In the evening I walked around my aunt Bronka’s garden. It is very big and immaculately tended, with many flowers and vegetables. I raided her raspberry patch for an impromptu dessert. I checked out my grandfather’s shop room in the old barn. There was a rusty old lock on the door and I wondered why it was locked. Perhaps something valuable was now stored in there. Earlier, the uncles were instructing me that I should have locked the doors to my rental car, because anyone could walk by and get in the car and do something to it. (They had already been sitting in the car themselves). I didn’t think crime was a problem in Laka, but they assured me that it was. Of course, they had already had several rounds of vodka, so I wasn’t sure if I should take them seriously.
After studying the locked door situation, I discovered that the key to the old lock was on a key ring hung by the door. I picked the most likely looking candidate and promptly unlocked the door. So much for security. I was a little disappointed to find that it had been cleaned out. My grandfather had a lot of old stuff in there that he worked on. It has been 20 years since he was there, so I guess it is no surprise that they would use the storage space for something else.
The old outhouse is still set next to the barn. Edward claims it is a museum piece, although I’m not sure what museum would take it. The Museum of Old Wooden Polish Toilets?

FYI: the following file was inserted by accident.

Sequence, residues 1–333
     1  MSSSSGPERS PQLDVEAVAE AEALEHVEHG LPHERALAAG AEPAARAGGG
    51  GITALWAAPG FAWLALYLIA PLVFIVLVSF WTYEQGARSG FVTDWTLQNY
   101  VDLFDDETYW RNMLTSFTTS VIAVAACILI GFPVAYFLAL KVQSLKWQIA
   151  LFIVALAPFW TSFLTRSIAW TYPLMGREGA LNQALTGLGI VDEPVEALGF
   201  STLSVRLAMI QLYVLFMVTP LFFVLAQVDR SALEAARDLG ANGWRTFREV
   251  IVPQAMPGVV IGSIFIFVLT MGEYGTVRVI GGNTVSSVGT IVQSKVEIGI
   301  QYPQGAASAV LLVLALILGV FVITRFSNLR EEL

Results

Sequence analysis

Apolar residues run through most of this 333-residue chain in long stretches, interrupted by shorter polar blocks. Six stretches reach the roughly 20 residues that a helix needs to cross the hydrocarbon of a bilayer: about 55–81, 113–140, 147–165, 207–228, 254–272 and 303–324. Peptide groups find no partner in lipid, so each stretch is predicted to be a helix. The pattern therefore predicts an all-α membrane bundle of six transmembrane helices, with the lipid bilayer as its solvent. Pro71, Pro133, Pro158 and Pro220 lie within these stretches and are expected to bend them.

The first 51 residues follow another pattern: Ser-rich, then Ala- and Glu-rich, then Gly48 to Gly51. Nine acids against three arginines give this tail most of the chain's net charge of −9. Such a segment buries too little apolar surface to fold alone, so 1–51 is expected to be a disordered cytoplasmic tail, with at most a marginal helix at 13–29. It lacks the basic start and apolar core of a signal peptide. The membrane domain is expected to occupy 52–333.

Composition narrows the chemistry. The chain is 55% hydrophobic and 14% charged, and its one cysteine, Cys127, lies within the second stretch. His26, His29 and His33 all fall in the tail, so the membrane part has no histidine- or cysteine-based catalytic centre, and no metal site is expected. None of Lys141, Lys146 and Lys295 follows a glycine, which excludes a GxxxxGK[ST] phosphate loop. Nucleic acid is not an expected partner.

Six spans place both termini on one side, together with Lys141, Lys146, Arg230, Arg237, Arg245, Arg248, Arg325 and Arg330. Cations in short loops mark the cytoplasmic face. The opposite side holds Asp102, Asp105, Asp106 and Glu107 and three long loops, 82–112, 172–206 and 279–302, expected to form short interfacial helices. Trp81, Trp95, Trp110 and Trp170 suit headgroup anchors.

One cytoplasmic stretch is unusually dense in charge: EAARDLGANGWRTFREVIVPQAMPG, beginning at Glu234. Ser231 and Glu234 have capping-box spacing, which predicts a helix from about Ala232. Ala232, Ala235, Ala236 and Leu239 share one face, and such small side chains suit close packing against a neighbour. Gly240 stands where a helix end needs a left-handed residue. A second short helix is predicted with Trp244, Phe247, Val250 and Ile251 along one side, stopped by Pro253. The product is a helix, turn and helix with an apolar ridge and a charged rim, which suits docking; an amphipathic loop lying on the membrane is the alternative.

I knew by looking at the map that it was going to be difficult driving out of Vienna to go the direction we needed to go. Vienna, being such an old city, has no proper outer ring freeway, no straight streets, no grid, no obvious commuter routes, and lots of pedestrian zones, squares, and one way streets. I won’t say we were lost, because I thought I knew where we were most of the time, but I couldn’t figure out how to get there from here most of the time. Eventually we escaped the confusion and got on the right road out of the city. It wasn’t the autobahn that we needed, but generally in the right direction. After zig-zagging through the villages and wine country of northern Austria, we linked up with the freeway.
When we got to the border of the Czech Republic, there were police there to check our passports. I didn’t think they did that anymore after the Czech Republic joined the EU. After a few minutes delay, we were on our way. (The thing happened at the Polish border) There is a marked difference in the quality of the roads around here. The German roads were superior in every way. The autobahns and other roads have smooth, new surfaces, easy to read signs, and rest stops, gas stations, and restaurants every few miles. The Austrian roads were not quite as good. The Czech roads were bumpy, and typically under construction with lengthy detours through small towns. We were hungry for lunch, and couldn’t find anywhere to stop to eat other than getting candy bars in a gas station.
Once we got into Poland, we drove on a smooth new highway from Ciescen towards Bielsko. But after that, we turned off onto an old, bumpy road. We navigated our way to the small village of Laka, where my extended family lives. I was pretty sure how to get there, but knew we would have to look carefully at the street signs once we got close. As we slowed down coming in to Laka, there was my niece Dorota on the side of the road waving at us! She had come down their street to look for us just a couple of minutes before.
The rest of the day was a blur of food, conversation, food, more conversation, food, and more food.